How do you solve a problem like the Co-op bank?
The Manchester lender is back in the headlines — and not just because of its Crystal Methodist former chairman
Sohail Malik took a deep breath. It was 7am last Thursday and the 43-year-old hedge fund manager had been taken aback by a message that had buzzed on his mobile phone as he set off on his morning commute.
The Co-operative Bank had just revealed to the stock market that it was in further bother with the Bank of England. The former mutual had already been given a break by the regulators and granted permission to let its capital levels dip further than desired while it got back on its feet. It had just admitted it could no longer honour those promises — and that it had no prospect of doing so before 2020.
Malik was one of the investment managers who bankrolled the Co-op bank before a turnaround plan. He sold out after a hole emerged in its books more than three years ago, which prompted a gang of hedge funds to seize control from the Co-operative Group’s supermarkets-to-funerals empire.
The brief statement from the ethically focused lender left Malik wondering how long it would be before the Bank of England has to push for a more radical reform of the bank — one that could even see it wound up, with its savings and loans sold off to another lender under the watchdog’s cautious gaze.
“The only way the Co-op bank gets out of this mess is through a miracle restructuring plan, but as we saw on Thursday’s statement, this is not happening,” said Malik. “The Co-op bank is in no man’s land.”
The bank had told the market it would keep its tier 1 capital ratio — a measure of its solvency — above 10%. Yet its forecasts had relied on an assumption that interest rates would be rising by now, allowing its profits to improve. When rates are rising, banks make more money.
Last summer’s rate cut to 0.25% in response to the June 23 vote to leave the European Union had derailed all the projections. The Co-op bank’s attempts to sell assets to raise money had also gone off track, the statement revealed.
Roxbury Asset Management, where Malik works, is no longer an investor in the bank. Yet he is not alone in his concerns. One of its biggest investors has told The Sunday Times that the lender is unlikely to remain in its current form “for very much longer”. Senior sources close to the bank have said the Bank of England is monitoring the situation daily, and debating whether to take further action.
Rival banks, meanwhile, claim to be on alert to see whether there will be an opportunity to cherry-pick what remains of the once-feted Manchester-based lender, which continues to champion causes such as financial inclusion.
Creditors are already voting with their feet. A sell-off of the bank’s debt suggests that holders of a £400m bond, which must be repaid in September, are braced for heavy losses. None of this should be any cause for concern for the bank’s customers. Even in the worst-case scenario, depositors would be protected, as they have been in previous bank crises.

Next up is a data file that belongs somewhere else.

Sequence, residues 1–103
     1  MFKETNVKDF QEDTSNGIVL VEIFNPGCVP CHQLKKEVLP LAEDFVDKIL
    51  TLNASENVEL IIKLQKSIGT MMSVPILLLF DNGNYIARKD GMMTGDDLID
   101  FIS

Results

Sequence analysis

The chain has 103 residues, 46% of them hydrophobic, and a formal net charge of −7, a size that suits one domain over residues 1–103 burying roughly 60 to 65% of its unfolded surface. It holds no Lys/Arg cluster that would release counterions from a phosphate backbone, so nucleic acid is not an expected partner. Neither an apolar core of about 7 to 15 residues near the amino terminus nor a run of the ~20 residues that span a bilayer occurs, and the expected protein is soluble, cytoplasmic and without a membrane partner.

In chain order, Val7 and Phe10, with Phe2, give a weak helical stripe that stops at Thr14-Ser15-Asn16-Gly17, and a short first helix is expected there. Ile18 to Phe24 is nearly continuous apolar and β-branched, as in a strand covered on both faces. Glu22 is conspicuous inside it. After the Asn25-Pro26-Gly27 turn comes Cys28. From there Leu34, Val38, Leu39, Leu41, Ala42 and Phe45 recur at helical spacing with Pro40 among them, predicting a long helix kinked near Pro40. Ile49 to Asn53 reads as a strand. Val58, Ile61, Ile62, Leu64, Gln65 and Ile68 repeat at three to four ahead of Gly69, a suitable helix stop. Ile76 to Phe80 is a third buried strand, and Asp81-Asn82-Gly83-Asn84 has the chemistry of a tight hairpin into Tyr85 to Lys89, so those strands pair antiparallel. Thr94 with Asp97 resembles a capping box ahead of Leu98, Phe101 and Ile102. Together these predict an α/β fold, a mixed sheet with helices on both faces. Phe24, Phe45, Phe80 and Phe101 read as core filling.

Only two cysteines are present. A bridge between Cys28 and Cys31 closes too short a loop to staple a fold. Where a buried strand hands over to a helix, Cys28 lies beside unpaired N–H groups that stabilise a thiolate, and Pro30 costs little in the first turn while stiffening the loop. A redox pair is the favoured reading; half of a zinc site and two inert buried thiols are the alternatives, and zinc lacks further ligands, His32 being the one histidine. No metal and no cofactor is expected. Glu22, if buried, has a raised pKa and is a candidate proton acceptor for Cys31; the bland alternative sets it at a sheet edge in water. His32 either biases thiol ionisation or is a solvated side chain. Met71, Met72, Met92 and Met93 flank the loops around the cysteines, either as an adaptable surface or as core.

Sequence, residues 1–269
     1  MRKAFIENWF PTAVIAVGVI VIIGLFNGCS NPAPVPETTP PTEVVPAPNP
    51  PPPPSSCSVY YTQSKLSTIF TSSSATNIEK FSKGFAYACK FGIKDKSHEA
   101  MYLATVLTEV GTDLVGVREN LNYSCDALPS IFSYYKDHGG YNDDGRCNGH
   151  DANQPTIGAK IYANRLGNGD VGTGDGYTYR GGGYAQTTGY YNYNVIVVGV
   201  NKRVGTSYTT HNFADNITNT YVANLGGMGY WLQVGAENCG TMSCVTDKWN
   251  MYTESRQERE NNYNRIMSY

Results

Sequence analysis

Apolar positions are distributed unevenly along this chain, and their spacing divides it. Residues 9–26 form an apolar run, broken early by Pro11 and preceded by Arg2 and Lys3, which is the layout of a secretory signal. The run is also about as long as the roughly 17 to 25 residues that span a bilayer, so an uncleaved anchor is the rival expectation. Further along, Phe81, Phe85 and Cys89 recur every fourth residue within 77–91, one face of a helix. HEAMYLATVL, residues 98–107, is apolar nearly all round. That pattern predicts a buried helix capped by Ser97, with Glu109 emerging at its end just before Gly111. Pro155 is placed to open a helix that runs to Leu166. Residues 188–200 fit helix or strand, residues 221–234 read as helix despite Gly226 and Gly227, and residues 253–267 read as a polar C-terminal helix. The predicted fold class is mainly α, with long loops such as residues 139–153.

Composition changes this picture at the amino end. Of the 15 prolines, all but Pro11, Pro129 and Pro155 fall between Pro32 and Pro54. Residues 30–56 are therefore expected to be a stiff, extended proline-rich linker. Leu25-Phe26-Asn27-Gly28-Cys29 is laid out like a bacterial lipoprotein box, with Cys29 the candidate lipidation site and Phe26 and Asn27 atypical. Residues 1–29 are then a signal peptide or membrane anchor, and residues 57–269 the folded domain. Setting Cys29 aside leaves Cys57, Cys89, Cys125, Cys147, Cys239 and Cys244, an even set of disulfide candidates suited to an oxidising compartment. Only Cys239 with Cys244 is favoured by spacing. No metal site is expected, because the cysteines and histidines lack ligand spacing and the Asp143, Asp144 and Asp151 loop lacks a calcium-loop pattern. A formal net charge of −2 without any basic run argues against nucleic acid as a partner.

Yet the situation has evolved into an increasingly bizarre test for the Bank of England, and the new powers it was given to rescue banks after the global financial crisis and the collapse of Royal Bank of Scotland, HBOS, Northern Rock and Bradford & Bingley.
The cuddly ethical lender seems to have been treated more leniently than bigger banks such as RBS, which have been forced to raise extra capital from a healthier position. The City is looking for answers.
“It’s hard to understand why the Co-op bank is getting all this support. It’s only a matter of time before the Bank of England accepts that it’s flogging a dead horse,” said a senior City banker.
Last weekend, listeners of Radio 4’s flagship religious Sunday programme had the rare experience of hearing the story of a fallen Methodist priest: Paul Flowers.
Better known as the “Crystal Methodist”, Flowers, 66, is the former chairman of the Co-op bank. He had finally been dismissed as a minister, three years after he was secretly filmed buying crack cocaine, crystal meth and the horse tranquiliser ketamine. His addiction, Flowers confessed, remains a problem. “I’m not going to tell you a lie that it’s behind me totally, because it isn’t,” he said.
For critics of the Co-op bank, Flowers is a totem of what went wrong. At a car crash meeting of the Treasury Select Committee in November 2013 — as the Co-op bank’s problems had been flushed into the open — he was unable to answer the most basic questions about the bank, leaving many to query how he came to sit at the helm of an “ethical” lender.